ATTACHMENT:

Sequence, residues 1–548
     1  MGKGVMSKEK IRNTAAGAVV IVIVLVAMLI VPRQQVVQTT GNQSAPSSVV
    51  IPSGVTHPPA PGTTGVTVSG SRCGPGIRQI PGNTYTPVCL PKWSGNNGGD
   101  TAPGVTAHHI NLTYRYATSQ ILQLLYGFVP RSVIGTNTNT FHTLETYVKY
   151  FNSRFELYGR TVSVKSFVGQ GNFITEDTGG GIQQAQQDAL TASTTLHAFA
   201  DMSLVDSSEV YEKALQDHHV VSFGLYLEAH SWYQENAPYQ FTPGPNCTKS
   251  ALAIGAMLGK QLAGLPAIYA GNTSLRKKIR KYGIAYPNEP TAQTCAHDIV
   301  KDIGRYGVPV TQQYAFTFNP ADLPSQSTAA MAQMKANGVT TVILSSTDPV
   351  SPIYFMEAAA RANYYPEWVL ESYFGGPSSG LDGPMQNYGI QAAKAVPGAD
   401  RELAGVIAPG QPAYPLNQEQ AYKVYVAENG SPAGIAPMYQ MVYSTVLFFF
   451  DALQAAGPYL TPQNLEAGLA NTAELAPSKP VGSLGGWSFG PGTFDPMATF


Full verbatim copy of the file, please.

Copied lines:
Sequence, residues 1–548
     1  MGKGVMSKEK IRNTAAGAVV IVIVLVAMLI VPRQQVVQTT GNQSAPSSVV
    51  IPSGVTHPPA PGTTGVTVSG SRCGPGIRQI PGNTYTPVCL PKWSGNNGGD
   101  TAPGVTAHHI NLTYRYATSQ ILQLLYGFVP RSVIGTNTNT FHTLETYVKY
   151  FNSRFELYGR TVSVKSFVGQ GNFITEDTGG GIQQAQQDAL TASTTLHAFA
   201  DMSLVDSSEV YEKALQDHHV VSFGLYLEAH SWYQENAPYQ FTPGPNCTKS
   251  ALAIGAMLGK QLAGLPAIYA GNTSLRKKIR KYGIAYPNEP TAQTCAHDIV
   301  KDIGRYGVPV TQQYAFTFNP ADLPSQSTAA MAQMKANGVT TVILSSTDPV
   351  SPIYFMEAAA RANYYPEWVL ESYFGGPSSG LDGPMQNYGI QAAKAVPGAD
   401  RELAGVIAPG QPAYPLNQEQ AYKVYVAENG SPAGIAPMYQ MVYSTVLFFF
   451  DALQAAGPYL TPQNLEAGLA NTAELAPSKP VGSLGGWSFG PGTFDPMATF